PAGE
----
Over 100 Lawyers, Law Professors & Practitioners Come Out Against SOPA
from the serious-concerns dept
Supporters of SOPA keep tossing out Floyd Abrams’ name as if it’s some talisman, and that his word is final. Last I checked, Floyd Abrams is not the Supreme Court. Indeed, he’s not even one of the nine justices. Or a judge at all. And his opinion is just one — well respected — lawyer’s opinion. In fact, Abrams opinion concerning SOPA isn’t even his own unbiased opinion. His opinion was written on behalf of his clients, including the MPAA and other lobbyists in favor of SOPA. And, even then, Abrams still admitted that SOPA would lead to the suppression of protected content. Either way, there are other lawyers out there, many of whom are just as well respected as Mr. Abrams. And when over 100 such lawyers get together and speak out against SOPA, perhaps one might come to the conclusion that Abrams’ opinion on the legal aspects is one in the minority. This letter is a followup to the letter sent earlier about PROTECT IP, but noting that SOPA didn’t fix any of the problems, and actually made many of them worse:
While there are some differences between SOPA and PROTECT-?IP, nothing in SOPA makes any effort to address the serious constitutional, innovation, and foreign policy concerns that we expressed in that letter. Indeed, in many respects SOPA is even worse than PROTECT-?IP. Among other infirmities, it would:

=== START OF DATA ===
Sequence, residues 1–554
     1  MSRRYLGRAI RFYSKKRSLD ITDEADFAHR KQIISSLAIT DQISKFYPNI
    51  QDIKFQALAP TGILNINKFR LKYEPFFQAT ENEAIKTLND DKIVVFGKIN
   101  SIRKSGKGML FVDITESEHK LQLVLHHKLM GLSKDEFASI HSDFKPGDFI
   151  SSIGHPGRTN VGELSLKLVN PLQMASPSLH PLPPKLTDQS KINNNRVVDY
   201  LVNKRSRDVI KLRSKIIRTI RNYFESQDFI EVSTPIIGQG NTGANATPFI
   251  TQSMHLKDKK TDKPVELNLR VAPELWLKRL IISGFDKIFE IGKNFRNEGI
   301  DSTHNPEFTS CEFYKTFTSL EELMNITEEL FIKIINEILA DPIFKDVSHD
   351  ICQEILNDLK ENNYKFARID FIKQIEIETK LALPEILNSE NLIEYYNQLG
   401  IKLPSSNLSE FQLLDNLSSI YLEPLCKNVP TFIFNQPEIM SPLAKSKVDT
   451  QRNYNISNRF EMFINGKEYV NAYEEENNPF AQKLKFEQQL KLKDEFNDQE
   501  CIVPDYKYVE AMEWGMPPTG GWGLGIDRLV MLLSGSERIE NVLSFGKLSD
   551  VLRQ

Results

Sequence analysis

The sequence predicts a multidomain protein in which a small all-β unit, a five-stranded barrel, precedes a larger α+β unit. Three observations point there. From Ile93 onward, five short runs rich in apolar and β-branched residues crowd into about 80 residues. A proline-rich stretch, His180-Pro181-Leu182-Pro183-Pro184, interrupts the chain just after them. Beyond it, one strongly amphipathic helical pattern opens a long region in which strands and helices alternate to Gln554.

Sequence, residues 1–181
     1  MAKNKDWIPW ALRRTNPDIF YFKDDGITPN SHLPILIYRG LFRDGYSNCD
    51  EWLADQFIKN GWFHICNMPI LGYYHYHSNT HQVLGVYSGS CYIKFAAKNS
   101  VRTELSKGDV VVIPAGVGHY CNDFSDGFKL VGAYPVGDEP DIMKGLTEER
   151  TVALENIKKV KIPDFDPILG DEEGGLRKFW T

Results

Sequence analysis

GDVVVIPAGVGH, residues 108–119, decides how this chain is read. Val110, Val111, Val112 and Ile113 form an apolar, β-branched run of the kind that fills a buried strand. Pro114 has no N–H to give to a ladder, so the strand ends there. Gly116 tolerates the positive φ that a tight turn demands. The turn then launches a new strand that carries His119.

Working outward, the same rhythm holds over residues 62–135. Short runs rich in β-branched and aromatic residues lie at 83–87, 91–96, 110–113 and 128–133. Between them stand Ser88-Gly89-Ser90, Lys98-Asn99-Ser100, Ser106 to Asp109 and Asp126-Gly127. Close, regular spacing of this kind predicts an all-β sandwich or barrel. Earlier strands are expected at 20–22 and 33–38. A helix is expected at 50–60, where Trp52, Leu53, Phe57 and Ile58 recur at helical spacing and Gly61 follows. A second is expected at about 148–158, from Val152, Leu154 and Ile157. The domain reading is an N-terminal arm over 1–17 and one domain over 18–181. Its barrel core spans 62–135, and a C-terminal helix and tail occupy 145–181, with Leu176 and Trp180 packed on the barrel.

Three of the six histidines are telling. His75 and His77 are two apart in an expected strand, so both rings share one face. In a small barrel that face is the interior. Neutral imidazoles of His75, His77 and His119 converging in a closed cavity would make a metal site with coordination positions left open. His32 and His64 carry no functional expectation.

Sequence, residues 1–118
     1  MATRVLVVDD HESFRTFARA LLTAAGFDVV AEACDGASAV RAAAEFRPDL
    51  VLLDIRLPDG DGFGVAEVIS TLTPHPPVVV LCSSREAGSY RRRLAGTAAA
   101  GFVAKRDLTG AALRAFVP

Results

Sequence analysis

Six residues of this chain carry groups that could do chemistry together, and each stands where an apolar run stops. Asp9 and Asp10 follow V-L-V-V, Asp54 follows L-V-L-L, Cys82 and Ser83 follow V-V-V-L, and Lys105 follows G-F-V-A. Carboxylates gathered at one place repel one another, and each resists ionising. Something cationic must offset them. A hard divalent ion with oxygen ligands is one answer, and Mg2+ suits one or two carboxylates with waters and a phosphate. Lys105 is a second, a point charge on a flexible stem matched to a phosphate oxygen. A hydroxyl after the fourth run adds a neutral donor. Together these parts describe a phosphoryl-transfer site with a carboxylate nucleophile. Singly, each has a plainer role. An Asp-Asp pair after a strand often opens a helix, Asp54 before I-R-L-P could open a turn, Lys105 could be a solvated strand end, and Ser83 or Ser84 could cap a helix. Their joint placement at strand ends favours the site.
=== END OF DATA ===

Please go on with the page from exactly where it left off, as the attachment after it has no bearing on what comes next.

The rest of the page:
- Redefine the standard for copyright infringement on the Internet, changing the definition of inducement in a way that would not only conflict with Supreme Court precedent but would make YouTube, Google, and numerous other web sites liable for copyright infringement.
- Allow the government to block Internet access to any web site that “facilitated” copyright or trademark infringement — a term that the Department of Justice currently interprets to require nothing more than having a link on a web page to another site that turns out to be infringing.
- Allow any private copyright or trademark owner to interfere with the ability of web sites to host advertising or charge purchases to credit cards, putting enormous obstacles in the path of electronic commerce.
Most significantly, it would do all of the above while violating our core tenets of due process. By failing to guarantee the challenged web sites notice or an opportunity to be heard in court before their sites are shut down, SOPA represents the most ill-advised and destructive intellectual property legislation in recent memory.
In sum, SOPA is a dangerous bill. It threatens the most vibrant sector of our economy — Internet commerce. It is directly at odds with the United States’ foreign policy of Internet openness, a fact that repressive regimes will seize upon to justify their censorship of the Internet. And it violates the First Amendment.
But… but… Floyd Abrams!